The Miller family: Ellie, her husband Joe, son Tom, and their baby boy. [ BBC America]

However, as soon as the romantic relationship between the adult male and the young boy became public, death was not deemed enough of a punishment. Even though, in reality, by the law, all three of these relationships were inappropriate and illegal.

The hypocrisy of Broadchurch (which I do not think is the hypocrisy of the writer or the actors, but rather a look at the hypocrisy of homophobia in relation to how we view inappropriate romantic and sexual relationships) is that no one considers why they feel the way they do about these relationships. All are damning when it comes to the homoromantic relationship. This is due in part because of the same-gender connotation.

It’s difficult to realize that people still have these homophobic reactions. It isn’t fair to the many same-sex couples who are age appropriate and have abided by the law. If we have a law, it must be followed by all, regardless of feelings or beliefs. The letter of the law must be upheld. The spirit of the law is a tricky thing, and while at times useful and used appropriately, should not come into play when such things as intimate relationships are concerned.

Relationships with children are wrong, regardless of how close they are to the Age of Consent. Broadchurch has shown that while people will grudgingly accept a sexual relationship between males and females, sometimes regardless of age, people do not often give the same acceptance to those relationships that are between people of the same gender, regardless of the fact that many, if not most, are over the Age of Consent.

You can see this in many places: the dismissal of male children as victims (young males who enter a sexual relationship with their female teachers, for example) and the jokes made about how “lucky” they are, the eagerness of older males to engage in sexual encounters with underage females (or females who have just entered the Age of Consent and are therefore to be preyed upon), and the disgust with which same-sex relationships (regardless of age) are met.

Perhaps, instead of just abiding by law, we ought also to add in discussion and education about giving informed and enthusiastic consent, the difference between romantic and sexual orientations, sexual education, and how healthy relationships are created and maintained, striving to move away from selfish desire and into a mutual, caring union, when both parties are of an age to give informed and enthusiastic consent.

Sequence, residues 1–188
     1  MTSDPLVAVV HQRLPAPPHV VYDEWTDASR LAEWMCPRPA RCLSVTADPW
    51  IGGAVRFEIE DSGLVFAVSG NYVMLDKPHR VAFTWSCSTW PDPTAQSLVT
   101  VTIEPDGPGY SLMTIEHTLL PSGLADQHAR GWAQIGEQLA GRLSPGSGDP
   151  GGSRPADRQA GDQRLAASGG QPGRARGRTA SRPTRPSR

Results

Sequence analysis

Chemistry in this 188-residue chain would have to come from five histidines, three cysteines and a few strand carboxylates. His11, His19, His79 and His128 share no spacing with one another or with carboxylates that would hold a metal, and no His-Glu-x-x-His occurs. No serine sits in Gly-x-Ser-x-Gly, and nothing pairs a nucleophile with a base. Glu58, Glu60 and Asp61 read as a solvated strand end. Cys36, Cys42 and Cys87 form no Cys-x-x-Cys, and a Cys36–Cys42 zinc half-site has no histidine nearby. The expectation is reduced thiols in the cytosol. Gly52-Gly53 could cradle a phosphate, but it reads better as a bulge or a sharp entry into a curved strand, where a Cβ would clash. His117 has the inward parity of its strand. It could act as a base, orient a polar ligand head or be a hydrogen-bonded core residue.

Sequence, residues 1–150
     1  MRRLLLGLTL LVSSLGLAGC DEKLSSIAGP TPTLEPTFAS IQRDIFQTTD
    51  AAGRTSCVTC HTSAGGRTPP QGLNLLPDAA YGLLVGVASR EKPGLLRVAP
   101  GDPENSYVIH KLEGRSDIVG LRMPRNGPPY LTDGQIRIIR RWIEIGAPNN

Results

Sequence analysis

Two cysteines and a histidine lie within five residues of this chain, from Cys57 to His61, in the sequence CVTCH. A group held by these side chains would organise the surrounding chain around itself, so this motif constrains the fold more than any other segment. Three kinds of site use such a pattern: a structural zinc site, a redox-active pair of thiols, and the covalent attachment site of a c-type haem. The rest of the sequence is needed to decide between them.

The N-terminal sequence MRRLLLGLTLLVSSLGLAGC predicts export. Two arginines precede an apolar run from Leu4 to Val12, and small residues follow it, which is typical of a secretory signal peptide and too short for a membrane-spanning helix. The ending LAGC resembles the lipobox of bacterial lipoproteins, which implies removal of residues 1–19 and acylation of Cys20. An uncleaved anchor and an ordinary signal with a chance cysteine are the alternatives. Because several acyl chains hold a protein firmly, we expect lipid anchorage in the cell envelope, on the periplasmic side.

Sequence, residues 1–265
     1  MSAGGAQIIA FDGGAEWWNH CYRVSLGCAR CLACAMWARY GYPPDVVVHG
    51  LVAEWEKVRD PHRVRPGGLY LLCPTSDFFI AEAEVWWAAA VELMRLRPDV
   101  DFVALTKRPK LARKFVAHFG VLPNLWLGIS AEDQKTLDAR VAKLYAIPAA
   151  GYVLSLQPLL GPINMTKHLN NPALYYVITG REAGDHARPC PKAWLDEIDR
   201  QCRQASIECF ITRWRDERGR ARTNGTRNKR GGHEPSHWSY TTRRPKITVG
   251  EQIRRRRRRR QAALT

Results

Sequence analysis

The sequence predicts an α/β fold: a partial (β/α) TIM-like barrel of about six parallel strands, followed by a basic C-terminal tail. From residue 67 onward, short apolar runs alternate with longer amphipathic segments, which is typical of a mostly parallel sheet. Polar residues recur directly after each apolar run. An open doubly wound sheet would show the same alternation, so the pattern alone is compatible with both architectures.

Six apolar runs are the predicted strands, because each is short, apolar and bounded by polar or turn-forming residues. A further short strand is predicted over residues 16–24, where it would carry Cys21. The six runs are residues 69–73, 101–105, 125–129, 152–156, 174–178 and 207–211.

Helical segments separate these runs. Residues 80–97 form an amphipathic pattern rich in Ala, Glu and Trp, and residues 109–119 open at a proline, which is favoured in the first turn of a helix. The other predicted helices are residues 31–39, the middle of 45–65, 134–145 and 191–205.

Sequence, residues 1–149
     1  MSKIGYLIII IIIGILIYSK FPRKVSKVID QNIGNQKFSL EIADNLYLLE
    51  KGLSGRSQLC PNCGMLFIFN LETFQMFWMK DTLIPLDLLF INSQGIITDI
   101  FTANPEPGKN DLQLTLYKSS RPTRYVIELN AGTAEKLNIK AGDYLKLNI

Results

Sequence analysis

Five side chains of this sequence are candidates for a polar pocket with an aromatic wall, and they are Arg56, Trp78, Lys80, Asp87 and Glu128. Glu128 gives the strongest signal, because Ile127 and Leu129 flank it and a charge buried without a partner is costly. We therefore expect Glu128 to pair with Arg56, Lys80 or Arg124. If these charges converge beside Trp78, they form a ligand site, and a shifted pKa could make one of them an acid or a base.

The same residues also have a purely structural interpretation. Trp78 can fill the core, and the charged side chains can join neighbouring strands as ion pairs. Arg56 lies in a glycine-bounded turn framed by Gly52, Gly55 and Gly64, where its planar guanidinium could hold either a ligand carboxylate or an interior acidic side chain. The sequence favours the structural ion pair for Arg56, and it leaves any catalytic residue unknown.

It is always wrong to enter a relationship with a child, regardless of how close they are to the Age of Consent. It is also wrong, however, to treat these relationships differently based upon gender and orientation.

 

Image Credits: BBC America
K.M. Cone

K.M. Cone

K.M. Cone is a story nerd, particularly for the episodic stories told via the medium of television. When not parked in front of the TV, K.M. Cone can be found writing kooky urban fantasy on her personal site, attempting to learn German, or making a huge pot of soup for her friends, who are probably coming over to join her in her latest TV or animated film obsession.

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  • Ruth

    Clarification needed: *Having not seen the show, could the over reaction at all have been because of the age of the “young boy” not only that it was same sex?

  • Ruth, I think the age thing does make a difference to people, but when another relationship (the forty-year-old teacher and the teenage student) was thought to be homosexual, the reaction was the same — hence the underlying homophobia, because once they realized it was a girl the teacher had been in an intimate relationship with, they were much less angry. It’s a complex issue, isn’t it? Because we do tend to allow relationships with teens as more ok than with kids, but the law is clear that no one is allowed to have an intimate relationship with another person under the Age of Consent…I think we need to protect all people under the Age of Consent from abusers, regardless of age. Does that make sense?